WASHINGTON — As some nations eagerly pursue nuclear energy, America is going slow.
While China is building 24 new reactors, the United States has only five nuclear power plants under construction – Watts Bar 2 in Tennessee, Vogtle 3 and 4 in Georgia and V.C. Summer 2 and 3 in South Carolina, according to the World Nuclear Association.
“Nuclear is not the technology we leave for others,” said Andrew Paterson, who works on sustainable energy at the Verdigris Capital Group. “We can’t just go back to our victories in history.”
Since the 1950s when the U.S. started designing and launching reliable nuclear power plants, America has built 99 nuclear power reactors in operation in 30 states, generating up to 807 billion kWh per year and accounting for 20 percent of total electricity generated, according to World Nuclear Association data.
Industry and government representatives talked about the problem Tuesday at the Global Nuclear Energy Markets Summit hosted by the United States Nuclear Infrastructure Council.
Walter Howes, who also works on sustainable energy at the Verdigris Capital Group, said while advantages in nuclear energy supply once contributed to America’s leadership in the industry, today the driver of global nuclear energy market is driven by demand since many other countries have also developed the technology.
And the demand for the profitable business is overseas. “Even after Fukushima, there are 30 countries still actively pursuing nuclear energy worldwide,” said Paterson.
“Every $1 billion the U.S. makes from export could create 6000 additional jobs in the country,” said Chandra Brown, of the Department of Commerce International Trade Administration. She said the U.S. is trying to develop partnerships with Asian countries and expecting the renewed 123 Agreement, a nuclear energy cooperation deal worth of billions of dollars between the U.S. and China.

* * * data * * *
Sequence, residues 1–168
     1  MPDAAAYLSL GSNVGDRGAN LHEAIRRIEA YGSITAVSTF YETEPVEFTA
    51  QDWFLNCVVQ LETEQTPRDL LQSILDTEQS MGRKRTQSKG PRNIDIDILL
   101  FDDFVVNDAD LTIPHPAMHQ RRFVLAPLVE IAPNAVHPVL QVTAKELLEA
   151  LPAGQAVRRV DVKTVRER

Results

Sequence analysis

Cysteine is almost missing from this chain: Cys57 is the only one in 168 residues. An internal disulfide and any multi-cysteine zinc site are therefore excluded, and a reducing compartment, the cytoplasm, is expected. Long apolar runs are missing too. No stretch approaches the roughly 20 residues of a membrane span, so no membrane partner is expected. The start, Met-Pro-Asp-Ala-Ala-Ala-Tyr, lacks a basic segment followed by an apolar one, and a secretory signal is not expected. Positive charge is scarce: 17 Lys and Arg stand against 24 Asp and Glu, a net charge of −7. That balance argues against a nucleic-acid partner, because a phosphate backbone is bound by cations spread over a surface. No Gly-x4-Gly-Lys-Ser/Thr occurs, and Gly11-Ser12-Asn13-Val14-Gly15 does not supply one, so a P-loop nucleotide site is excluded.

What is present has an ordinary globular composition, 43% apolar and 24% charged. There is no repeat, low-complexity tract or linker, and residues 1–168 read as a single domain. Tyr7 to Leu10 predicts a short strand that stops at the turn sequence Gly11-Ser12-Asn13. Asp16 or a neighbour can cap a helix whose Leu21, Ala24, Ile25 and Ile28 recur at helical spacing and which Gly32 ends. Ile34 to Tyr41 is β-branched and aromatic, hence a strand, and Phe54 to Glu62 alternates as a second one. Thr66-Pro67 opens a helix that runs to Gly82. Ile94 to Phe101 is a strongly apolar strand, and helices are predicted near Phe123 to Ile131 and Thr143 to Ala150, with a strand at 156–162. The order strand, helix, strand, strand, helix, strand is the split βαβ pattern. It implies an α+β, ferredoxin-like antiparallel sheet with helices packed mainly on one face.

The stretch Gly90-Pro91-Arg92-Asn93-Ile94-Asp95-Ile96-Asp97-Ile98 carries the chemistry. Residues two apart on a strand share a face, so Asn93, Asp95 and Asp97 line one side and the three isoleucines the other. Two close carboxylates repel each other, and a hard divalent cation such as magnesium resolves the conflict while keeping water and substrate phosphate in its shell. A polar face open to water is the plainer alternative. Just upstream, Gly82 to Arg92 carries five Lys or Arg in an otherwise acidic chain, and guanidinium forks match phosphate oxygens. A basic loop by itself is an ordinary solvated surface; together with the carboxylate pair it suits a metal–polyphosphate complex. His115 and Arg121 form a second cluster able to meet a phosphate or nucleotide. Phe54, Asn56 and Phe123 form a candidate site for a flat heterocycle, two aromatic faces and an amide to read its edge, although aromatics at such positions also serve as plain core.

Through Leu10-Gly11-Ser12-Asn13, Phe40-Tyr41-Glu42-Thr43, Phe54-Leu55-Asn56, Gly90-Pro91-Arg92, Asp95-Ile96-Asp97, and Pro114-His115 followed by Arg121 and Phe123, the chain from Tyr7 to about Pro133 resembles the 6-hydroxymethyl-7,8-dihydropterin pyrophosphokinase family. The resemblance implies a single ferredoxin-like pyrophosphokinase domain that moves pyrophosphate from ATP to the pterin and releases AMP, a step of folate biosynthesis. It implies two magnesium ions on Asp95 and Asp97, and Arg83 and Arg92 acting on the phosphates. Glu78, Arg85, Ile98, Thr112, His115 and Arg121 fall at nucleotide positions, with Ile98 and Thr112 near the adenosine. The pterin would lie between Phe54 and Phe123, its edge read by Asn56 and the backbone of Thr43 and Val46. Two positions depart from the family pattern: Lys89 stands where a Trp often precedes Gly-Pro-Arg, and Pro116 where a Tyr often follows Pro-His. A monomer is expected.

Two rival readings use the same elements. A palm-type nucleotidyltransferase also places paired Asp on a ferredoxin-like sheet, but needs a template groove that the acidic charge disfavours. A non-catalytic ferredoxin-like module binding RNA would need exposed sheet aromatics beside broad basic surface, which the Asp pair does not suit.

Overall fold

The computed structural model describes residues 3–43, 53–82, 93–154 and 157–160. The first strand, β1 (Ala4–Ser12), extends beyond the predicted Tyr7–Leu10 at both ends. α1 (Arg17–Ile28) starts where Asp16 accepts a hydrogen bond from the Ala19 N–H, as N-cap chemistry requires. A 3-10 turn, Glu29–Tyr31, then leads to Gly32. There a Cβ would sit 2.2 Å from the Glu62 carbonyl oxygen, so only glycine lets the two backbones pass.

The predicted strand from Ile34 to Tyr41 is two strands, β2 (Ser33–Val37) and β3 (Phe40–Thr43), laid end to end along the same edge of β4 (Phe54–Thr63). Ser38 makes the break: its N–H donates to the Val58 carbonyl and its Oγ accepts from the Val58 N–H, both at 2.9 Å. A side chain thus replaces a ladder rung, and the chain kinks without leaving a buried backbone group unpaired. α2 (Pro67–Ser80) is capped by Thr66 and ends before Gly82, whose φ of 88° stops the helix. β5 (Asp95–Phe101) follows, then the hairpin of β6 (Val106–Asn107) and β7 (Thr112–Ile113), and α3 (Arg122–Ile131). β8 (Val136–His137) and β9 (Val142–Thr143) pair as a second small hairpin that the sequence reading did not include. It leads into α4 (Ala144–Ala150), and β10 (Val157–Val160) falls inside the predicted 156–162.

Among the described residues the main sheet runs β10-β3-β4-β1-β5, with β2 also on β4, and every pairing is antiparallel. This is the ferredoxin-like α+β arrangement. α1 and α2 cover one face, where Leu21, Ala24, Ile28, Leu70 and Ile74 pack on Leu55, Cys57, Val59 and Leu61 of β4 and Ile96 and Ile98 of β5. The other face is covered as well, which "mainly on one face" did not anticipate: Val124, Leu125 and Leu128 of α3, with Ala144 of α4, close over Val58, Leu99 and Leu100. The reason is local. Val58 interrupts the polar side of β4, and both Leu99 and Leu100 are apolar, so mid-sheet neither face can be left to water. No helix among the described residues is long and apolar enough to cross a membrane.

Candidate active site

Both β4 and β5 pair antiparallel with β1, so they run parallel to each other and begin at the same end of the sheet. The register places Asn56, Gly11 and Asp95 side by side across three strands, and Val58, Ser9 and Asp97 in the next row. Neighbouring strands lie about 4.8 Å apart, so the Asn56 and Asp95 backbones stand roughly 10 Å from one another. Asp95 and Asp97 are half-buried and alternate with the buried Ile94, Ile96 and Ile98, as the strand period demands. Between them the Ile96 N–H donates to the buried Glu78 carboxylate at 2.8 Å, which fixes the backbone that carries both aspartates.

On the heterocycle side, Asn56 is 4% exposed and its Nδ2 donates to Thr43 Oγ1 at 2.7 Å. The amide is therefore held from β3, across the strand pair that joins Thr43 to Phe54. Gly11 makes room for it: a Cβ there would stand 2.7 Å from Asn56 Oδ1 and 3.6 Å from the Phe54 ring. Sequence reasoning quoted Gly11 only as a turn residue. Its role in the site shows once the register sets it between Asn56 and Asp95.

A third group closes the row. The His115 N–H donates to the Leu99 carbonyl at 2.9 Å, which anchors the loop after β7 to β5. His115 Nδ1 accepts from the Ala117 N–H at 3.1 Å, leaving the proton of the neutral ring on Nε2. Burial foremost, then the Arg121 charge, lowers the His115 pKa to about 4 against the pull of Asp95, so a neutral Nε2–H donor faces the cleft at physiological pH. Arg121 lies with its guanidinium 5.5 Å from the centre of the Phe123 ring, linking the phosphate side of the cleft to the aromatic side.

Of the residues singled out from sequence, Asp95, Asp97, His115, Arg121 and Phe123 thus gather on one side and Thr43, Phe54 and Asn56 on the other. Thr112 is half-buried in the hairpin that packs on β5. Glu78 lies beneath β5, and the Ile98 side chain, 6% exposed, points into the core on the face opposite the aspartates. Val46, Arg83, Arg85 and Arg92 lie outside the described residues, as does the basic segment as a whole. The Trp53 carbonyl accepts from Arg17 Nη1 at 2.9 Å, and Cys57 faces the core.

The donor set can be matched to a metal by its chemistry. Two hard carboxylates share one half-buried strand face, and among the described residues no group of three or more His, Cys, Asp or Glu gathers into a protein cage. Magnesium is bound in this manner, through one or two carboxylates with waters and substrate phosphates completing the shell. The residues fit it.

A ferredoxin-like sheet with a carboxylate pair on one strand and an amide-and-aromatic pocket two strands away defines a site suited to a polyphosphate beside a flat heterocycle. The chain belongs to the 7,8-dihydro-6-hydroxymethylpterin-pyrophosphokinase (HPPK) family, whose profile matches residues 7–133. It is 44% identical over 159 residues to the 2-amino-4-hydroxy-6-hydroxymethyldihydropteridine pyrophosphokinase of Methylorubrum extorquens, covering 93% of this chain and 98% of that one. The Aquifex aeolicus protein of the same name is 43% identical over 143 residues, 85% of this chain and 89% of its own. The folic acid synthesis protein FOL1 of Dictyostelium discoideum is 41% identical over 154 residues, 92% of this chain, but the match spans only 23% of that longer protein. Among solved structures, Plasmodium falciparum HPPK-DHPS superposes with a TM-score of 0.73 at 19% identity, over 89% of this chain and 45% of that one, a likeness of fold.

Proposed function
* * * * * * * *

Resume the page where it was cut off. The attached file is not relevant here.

But many people in the U.S. oppose to nuclear power because of the safety issues raised after Fukushima nuclear disaster.
In 2011, a tsunami triggered by a magnitude 9.0 earthquake hit the Fukushima I Nuclear Power Plant in Japan. The plant melted down and released highly radioactive materials, posing health threats to residents in the area.
According to the World Nuclear Association, people in Germany remain broadly opposed to nuclear power with virtually no support for building new nuclear plants. K.P.Lau, president of Fraser Energy Consulting, said Chinese government also added requirements of safety review in nuclear energy regulations after the Fukushima disaster.
But Eric Loewen, chief consulting engineer at GE Hitachi, which provides advanced reactors and nuclear service, said the company now can provide clean, affordable and safe nuclear energy to America because of new technology adopted in advanced reactors.
Jeffrey Merrifield, former commissioner to the U.S. Nuclear Regulatory Commission, said in order to ensure safety, more advanced reactors need to be built, and that pre-licensing regulations should allow more small reactors to get into the game.
Merrifield said although there are many white papers for promoting nuclear energy, not many new reactors, especially advanced reactors, are being built in the U.S. “The lack of progress has to change,” he said.
“We need to get things done, but if we want to keep the 20 percent share in electricity generation, we will need another 30 reactors by 2030,” said Loewen.
Rep. Randy Weber, chairman of Subcommittee on Energy of the House Committee on Science, Space and Technology, said policymakers need to make sure the regulations are made right for the industry. “If we don’t encourage nuclear technology innovation at home, more and more companies will turn to opportunities overseas,” he said.
U.S. companies are also facing funding problems. According to GE Hitachi, the company has been pushing the Congress to reauthorize the expired Export-Import Bank, a federal credit agency that helps financing export of American goods and services.
Paterson said the nuclear industry should rely not only on financial market, but also a well-rounded national strategy for funding, and that the U.S. nuclear energy industry will need federal leadership to regain its competitiveness in globe market.